CVRD grant-in-aid process a Monty Python-esque farce

Only half of the directors sitting on the Regional Services Committee “did their homework”

CVRD grant-in-aid process a Monty Python-esque farce

If you haven’t witnessed the self-described “gong-show” that is the Regional Services meeting to decide the 2019 Grant-in-Aid recommendations, please do yourself a favour and look it up on the CVRD’s YouTube channel — you are looking for the recording named “Regional Services March 27, 2019 Part 2” and you will want to forward to the Grant-in-Aid deliberation/adjudication process around the 48-minute mark.

If you can understand what the heck is going on in this video, I applaud you. From what I can tell, here is a highlight reel of what went on, and what went wrong:

First, it appears that despite Grant-in-Aid requests consistently and significantly outweighing the available funding each year, and the overwhelming evidence that non-profits are taking on more-and-more burdens under unbearable conditions of overwork/underpay, the CVRD decided that our non-profit sector needed only half the funding allocated to the 2019 Grant-in-Aid program, cutting this budget from $150,000 to $75,000, but only after the call for applications.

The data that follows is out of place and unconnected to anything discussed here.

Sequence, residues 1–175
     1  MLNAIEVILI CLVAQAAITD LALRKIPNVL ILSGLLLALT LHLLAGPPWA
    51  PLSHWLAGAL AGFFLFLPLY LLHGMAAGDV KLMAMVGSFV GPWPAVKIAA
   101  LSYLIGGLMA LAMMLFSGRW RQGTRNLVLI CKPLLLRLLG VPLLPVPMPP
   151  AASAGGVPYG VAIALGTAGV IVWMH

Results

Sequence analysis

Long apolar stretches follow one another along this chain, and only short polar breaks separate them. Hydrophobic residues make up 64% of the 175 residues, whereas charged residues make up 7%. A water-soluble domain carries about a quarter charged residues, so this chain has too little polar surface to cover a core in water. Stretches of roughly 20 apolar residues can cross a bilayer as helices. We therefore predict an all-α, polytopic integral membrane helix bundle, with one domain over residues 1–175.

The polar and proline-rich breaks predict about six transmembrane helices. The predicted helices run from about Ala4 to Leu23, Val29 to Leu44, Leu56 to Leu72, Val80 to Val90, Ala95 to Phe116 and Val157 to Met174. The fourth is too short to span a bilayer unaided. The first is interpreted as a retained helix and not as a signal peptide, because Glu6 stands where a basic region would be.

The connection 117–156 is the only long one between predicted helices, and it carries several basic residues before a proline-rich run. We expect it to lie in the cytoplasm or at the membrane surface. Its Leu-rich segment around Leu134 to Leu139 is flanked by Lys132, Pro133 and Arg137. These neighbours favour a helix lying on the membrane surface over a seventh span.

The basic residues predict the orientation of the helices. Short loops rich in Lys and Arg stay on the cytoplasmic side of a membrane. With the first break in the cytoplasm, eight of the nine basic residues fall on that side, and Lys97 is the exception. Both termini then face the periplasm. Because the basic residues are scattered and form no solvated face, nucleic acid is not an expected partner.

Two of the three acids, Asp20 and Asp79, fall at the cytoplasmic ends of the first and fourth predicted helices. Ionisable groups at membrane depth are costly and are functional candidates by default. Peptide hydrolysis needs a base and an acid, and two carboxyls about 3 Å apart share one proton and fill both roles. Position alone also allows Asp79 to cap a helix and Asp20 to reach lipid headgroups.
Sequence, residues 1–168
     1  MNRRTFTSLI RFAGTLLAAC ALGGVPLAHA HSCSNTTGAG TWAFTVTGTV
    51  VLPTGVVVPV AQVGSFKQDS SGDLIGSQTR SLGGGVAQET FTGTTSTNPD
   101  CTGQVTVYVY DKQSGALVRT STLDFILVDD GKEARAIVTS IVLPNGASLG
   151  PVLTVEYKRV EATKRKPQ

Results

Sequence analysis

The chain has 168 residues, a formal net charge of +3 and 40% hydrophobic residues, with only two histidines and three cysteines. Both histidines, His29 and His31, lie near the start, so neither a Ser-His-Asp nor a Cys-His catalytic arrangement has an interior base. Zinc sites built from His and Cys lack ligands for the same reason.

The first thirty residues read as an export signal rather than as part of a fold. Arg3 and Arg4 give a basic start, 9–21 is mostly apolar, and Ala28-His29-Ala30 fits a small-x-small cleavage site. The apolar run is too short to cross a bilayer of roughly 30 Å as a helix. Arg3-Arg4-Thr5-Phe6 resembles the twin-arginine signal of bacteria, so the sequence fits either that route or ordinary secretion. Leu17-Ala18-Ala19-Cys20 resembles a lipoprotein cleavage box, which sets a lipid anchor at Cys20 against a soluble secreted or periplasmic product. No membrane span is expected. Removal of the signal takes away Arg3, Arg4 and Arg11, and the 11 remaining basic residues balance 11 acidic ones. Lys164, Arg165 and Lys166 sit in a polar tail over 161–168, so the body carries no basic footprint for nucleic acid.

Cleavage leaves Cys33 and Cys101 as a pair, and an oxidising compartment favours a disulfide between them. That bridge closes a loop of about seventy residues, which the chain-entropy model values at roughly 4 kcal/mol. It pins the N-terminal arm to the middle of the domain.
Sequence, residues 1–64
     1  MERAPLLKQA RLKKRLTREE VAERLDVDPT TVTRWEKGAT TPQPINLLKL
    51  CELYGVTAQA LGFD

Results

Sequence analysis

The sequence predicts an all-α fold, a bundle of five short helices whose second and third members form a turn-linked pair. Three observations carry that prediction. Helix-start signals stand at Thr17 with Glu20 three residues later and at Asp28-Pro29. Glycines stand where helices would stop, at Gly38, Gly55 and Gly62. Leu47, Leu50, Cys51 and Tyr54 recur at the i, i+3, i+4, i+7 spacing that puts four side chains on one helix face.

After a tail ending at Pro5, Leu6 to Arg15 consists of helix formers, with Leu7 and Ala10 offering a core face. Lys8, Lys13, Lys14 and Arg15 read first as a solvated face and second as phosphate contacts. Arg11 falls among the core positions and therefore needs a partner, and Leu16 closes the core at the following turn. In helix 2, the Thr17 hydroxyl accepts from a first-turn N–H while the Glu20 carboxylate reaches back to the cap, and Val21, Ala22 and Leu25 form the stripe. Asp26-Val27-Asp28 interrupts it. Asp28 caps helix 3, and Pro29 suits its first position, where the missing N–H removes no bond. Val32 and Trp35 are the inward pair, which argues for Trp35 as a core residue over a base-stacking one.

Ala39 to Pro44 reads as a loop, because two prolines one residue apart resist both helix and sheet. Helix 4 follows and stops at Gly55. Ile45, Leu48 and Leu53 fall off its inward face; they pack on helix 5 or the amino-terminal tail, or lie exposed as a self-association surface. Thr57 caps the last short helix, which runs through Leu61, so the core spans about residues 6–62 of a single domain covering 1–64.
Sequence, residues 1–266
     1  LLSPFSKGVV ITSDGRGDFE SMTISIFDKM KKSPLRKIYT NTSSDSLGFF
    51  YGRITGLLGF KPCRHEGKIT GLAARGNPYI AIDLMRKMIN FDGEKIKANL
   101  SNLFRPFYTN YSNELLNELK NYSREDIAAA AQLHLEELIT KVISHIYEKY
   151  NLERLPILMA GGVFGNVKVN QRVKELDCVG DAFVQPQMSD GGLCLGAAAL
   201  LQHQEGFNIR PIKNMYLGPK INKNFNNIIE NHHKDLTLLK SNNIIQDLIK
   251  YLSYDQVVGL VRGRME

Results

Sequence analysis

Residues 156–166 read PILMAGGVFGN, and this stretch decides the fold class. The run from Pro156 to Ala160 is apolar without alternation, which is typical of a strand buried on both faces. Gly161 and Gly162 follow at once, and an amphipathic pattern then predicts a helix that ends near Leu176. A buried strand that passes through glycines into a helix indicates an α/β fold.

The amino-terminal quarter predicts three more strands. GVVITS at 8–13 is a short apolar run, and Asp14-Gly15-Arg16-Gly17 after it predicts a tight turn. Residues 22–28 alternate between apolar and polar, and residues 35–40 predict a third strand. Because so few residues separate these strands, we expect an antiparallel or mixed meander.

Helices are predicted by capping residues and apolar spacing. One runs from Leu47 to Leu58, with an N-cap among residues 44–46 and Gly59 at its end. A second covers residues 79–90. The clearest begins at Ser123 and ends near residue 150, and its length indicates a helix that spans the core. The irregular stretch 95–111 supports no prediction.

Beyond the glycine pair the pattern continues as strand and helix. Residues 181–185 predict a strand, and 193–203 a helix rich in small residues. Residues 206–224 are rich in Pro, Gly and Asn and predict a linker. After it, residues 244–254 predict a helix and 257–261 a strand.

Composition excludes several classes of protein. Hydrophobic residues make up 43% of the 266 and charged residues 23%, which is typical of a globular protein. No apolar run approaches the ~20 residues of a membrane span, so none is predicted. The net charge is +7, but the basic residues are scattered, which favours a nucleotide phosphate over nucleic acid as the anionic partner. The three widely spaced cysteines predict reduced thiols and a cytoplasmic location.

This created an immediate and all-consuming sense of self-imposed scarcity that permeates the whole deliberation/adjudication process and disproportionately impacted the applicants who dared to present ambitious projects with larger requests. It is also worth noting that when all was said and done, it appears the CVRD under-spent by $10-15,000, further reducing allocations to our region’s non-profits. Apparently, the CVRD is very good at curtailing spending — but only when it comes to our community’s charities.

Second, it appears that despite a strict set of program guidelines and the existence of some sort of scoring system, only half of the directors sitting on the Regional Services Committee “did their homework” in reading the submitted applications and/or using the scoring sheet. This is where the lack of respect really starts to jump the shark.

In the video, the directors are seen laughing about their lack of preparation and repeatedly urge each other to hurry along so they can go home as soon as possible. Keep in mind that the 22 organizations that submitted these applications are extremely busy doing important work (helping vulnerable children, providing services for persons with disabilities, ensuring food security, assisting women impacted by violence, etc.) and that representatives from these groups took many hours (perhaps days) out of their hectic schedules to prepare comprehensive and compelling applications in support of their programs. For many of the volunteers and underpaid staff members working in our local non-profit sector, these funding applications were done off the sides of desks and by the light of the midnight oil. In my opinion, the lack of respect shown to these applicants naturally extends to the community members whom are served by these services.